What you're dealing with in "you snooze, you loose" girl is just plain selfish and rudeness which is epidemic in our society. I've found that generally in these situations whether it's dealing with traffic, a line at a restaurant or a movie theater, or a bar seat, it's best to just take the high road and leave or find another seat rather than to join in the childish fray.

                                                                    2 Replies
                                                                    1. re: taos

                                                                      I don't know...I don't like people pushing me around. Then of course one time my father objected to someone talking in a movie theater and it turned out the guy had a criminal record and beat the crap out of my father. It's a tough call...I guess becoming a martial arts master could minimize such problems.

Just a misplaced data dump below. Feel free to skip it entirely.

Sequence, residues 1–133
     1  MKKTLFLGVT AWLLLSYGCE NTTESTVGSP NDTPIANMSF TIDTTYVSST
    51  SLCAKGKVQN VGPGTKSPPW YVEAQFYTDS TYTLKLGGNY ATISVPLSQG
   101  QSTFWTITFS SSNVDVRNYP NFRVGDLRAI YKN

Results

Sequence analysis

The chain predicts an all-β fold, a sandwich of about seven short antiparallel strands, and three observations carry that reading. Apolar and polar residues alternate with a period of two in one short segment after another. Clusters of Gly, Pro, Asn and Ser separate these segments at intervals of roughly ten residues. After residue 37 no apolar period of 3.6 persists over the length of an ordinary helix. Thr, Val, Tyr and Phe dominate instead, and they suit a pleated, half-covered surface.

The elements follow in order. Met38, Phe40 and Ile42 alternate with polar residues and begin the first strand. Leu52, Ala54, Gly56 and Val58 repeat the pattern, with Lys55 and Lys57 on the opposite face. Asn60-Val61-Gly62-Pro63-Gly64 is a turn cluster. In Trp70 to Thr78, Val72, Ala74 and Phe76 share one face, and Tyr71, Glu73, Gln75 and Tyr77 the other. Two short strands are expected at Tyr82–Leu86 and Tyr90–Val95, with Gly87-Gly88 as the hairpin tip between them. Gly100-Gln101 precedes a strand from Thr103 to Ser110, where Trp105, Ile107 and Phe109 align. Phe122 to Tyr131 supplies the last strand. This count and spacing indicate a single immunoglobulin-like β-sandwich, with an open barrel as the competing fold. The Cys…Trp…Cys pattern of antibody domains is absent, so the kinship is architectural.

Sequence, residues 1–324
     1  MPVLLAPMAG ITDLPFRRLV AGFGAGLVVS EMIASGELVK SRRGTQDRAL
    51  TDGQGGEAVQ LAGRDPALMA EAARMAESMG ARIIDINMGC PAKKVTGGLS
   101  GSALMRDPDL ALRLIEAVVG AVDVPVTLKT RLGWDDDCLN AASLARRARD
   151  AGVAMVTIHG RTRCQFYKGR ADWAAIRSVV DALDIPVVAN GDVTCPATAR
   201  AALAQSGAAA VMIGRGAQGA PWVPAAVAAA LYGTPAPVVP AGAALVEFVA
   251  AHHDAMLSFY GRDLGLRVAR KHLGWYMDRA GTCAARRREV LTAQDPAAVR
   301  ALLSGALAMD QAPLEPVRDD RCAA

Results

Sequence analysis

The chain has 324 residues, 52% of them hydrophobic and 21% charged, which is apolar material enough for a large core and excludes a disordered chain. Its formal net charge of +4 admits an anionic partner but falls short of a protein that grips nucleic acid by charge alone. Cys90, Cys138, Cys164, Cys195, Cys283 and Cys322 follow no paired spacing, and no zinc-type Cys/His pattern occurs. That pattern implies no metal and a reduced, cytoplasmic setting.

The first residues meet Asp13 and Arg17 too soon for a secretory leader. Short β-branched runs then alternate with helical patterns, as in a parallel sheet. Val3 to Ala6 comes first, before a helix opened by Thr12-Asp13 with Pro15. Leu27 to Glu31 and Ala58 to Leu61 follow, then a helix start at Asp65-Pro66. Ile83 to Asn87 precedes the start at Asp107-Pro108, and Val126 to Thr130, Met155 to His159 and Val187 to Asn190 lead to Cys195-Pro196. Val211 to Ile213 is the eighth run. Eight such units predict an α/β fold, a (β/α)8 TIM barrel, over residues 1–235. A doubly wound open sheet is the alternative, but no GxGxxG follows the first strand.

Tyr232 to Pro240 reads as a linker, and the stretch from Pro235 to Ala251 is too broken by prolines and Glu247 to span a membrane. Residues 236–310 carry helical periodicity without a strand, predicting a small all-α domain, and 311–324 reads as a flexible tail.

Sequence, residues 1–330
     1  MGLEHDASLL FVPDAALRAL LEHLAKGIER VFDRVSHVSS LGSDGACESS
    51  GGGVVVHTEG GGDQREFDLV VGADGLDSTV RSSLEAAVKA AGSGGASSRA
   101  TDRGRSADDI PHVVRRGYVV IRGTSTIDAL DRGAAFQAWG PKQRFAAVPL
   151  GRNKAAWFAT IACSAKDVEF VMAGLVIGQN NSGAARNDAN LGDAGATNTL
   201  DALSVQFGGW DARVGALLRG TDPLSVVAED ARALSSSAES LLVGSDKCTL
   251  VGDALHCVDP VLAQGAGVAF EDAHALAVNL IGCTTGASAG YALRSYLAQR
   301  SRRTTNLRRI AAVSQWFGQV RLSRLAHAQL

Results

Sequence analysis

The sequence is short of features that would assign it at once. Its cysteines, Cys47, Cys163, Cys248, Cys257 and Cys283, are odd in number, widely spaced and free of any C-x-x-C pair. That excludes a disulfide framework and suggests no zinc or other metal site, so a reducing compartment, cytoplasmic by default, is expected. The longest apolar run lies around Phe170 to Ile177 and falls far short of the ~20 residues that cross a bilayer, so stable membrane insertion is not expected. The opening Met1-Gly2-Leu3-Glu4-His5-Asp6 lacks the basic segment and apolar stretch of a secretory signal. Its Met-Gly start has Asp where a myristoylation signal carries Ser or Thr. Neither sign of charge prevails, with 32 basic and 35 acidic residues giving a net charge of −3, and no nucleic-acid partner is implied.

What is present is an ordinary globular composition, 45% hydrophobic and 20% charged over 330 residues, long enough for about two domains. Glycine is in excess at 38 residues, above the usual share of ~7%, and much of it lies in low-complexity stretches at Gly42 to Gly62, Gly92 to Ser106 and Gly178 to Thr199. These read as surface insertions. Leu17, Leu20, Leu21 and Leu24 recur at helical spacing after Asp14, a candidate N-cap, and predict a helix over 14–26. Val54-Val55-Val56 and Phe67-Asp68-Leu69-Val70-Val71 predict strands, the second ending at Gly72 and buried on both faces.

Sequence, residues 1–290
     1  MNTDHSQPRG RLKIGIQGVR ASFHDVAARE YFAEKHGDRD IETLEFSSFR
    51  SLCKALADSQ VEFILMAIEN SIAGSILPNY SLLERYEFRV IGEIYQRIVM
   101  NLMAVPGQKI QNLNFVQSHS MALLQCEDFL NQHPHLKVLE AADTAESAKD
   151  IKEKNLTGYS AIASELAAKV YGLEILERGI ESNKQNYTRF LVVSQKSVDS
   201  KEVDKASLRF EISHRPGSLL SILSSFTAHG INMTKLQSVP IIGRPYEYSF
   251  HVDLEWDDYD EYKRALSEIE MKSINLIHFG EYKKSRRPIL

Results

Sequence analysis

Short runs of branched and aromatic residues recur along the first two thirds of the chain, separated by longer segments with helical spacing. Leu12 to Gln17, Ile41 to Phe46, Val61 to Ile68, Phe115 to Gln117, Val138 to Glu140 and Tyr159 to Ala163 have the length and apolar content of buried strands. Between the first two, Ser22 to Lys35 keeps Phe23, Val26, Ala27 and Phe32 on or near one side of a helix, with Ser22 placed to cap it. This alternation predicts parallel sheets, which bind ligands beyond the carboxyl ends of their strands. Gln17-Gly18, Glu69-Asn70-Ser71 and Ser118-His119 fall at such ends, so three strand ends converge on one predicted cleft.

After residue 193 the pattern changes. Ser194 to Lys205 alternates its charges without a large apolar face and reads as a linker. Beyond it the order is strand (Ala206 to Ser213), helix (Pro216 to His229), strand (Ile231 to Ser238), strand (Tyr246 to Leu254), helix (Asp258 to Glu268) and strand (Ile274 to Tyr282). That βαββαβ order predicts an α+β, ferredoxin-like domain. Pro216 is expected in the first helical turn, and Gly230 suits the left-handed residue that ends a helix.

2. I eat alone at the bar a lot when I am traveling for work. I always make sure I have ordered food before excusing myself to the rest room. I also make sure to tell the bartender that I will be right back, and ask for a new drink/refill on water, whatever it is, as I step away. I haven't had a problem, even in a crowded bar area. The couple times I've come back and there is someone in my seat, the bartender shoos him away for me.

                                                                      Now you have me worrying about it a little bit. But really, if I have food coming, the bartender is usually on alert for any one taking my seat.